The module, taught in English, is meant to guide the students through a critical approach to the English Literature of the period going from the Restoration to late Romanticism, especially in relation to a representative range of texts of the canon. Besides, it aims at getting the students familiar with fundamental tools necessary for text analysis and genre criticism. Its overall gaol is to provide the students with a good knowledge of the British literature of the set literary period (its historical context, its texts, genres, movements/authors) and of helping them develop skills for analysis, argumentation and exposition in English, in relation to various typologies of literary texts in their historical-cultural context. At the end of the module, students will be able to: -analyze the literary texts set in the syllabus in their historical-cultural contexts; -argumentatively discuss them by taking into account literary conventions and by applying an informed critical approach that is aware of the literary nature of the text; -demonstrate the acquired knowledge and skills, in English and in a clear and consistent way.
"Rebels, revolutionaries or patriots? Representing Jacobites between the 18th and the 19th centuries"
Jacobitism was a political movement in Great Britain and Ireland that between 1688 and 1746 aimed to restore the Roman Catholic Stuart dynasty to the thrones of England, Scotland and Ireland. A series of Jacobite ‘risings’ (or ‘rebellions’?) challenged the British Government in this period, and deeply unsettled British and Irish political/social life. The course will focus on a selection of literary representations, among the many the characterise 18th and 19th British literature, focusing on the work of two highly original and influential writers — Walter Scott and James Hogg.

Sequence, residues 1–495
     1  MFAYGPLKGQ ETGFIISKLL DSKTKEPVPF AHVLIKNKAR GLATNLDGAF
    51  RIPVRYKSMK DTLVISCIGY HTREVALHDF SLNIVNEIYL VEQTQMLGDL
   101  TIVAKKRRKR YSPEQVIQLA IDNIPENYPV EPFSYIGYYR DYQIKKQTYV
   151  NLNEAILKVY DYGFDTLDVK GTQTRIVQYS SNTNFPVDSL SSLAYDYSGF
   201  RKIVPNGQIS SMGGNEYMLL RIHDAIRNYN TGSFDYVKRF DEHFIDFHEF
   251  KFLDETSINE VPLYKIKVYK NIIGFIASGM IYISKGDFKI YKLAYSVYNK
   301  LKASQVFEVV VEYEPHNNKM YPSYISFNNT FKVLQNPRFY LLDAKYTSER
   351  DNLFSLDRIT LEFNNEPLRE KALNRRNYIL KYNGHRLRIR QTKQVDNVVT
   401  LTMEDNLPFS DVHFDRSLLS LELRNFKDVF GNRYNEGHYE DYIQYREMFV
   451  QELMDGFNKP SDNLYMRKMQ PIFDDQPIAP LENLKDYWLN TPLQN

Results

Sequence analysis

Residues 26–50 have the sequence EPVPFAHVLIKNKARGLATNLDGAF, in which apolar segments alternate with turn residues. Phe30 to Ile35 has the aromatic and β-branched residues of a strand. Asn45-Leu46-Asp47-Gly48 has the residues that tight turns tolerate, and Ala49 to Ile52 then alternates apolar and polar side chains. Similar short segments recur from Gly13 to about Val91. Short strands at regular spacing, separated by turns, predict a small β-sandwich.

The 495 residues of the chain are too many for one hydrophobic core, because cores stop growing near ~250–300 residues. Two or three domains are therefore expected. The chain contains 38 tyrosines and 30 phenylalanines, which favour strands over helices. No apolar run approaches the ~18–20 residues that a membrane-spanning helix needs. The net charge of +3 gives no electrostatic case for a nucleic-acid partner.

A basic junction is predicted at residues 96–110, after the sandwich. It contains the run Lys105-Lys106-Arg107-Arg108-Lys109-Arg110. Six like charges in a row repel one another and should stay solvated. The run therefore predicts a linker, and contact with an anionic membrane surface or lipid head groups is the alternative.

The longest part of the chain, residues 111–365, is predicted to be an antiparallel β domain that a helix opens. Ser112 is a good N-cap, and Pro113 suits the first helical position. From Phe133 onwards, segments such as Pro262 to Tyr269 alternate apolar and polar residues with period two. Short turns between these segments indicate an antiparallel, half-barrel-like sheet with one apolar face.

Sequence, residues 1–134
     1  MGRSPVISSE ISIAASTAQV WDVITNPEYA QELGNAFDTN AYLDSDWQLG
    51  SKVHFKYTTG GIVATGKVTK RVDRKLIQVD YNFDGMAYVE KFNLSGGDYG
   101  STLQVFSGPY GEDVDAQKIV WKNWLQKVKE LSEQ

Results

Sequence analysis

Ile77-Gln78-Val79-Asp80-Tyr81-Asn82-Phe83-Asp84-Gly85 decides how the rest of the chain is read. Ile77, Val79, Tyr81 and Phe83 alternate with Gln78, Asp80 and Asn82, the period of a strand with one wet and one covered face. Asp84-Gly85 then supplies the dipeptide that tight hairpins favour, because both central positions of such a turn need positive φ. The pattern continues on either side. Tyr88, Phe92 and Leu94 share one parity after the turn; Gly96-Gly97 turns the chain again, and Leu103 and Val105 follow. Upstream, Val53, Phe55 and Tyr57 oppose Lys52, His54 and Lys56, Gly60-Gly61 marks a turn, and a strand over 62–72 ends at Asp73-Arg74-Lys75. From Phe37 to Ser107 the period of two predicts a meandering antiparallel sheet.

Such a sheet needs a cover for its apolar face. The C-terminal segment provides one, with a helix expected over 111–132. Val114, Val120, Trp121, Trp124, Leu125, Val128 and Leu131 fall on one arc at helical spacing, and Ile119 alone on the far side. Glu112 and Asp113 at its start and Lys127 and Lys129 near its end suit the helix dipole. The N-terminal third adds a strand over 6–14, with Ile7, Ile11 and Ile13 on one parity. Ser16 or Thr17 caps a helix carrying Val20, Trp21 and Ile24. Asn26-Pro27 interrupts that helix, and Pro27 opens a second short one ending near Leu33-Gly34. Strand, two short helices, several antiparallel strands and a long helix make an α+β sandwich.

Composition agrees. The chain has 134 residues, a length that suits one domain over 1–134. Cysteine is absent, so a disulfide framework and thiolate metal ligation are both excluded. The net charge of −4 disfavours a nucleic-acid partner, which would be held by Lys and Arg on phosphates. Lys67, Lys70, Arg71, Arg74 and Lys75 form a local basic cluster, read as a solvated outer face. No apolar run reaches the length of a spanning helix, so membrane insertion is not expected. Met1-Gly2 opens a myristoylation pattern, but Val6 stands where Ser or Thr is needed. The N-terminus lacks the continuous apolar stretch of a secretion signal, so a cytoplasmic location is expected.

Jerome De Groot, The Historical Novel, Routledge
Walter Scott, Waverley. (One of the two following editions: Oxford University Press; Penguin)
James Hogg, The Three Perils of Woman, Edinburgh University Press.
Students will have to register with the e-learning website (Moodle) and download class materials on a regular basis.
This syllabus will be valid for two years (until January/February 2023)
Students who are unable to attend ("non frequentanti") will have to replace lecture notes with:
- from The Edinburgh Companion to Sir Walter Scott (Robertson, Fiona ed.) (available in the University Library):
Chapter 4, Scott’s Jacobitical Plots
Chapter 5, History and Historiography
Chapter 8 Romancing and Romanticism
- from The Edinburgh Companion to James Hogg (eds. Ian Duncan, Douglas S. Mack) (available in the University Library):
Introduction: Hogg and his Worlds
Chapter 8. Hogg and Nationality
Chapter 14. Hogg and the Novel
|Jerome de Groot||The Historical Novel||Routledge||2010|
|James Hogg||The Three Perils of Woman||Edinburgh University Press||2002|
|Walter Scott||Waverley||Penguin (Classics)||2014|
Oral exam in English, which will assess:
- a knowledge of primary and secondary texts
- the ability to articulate effectively the information and critical assessments concerning texts and topics discussed in class.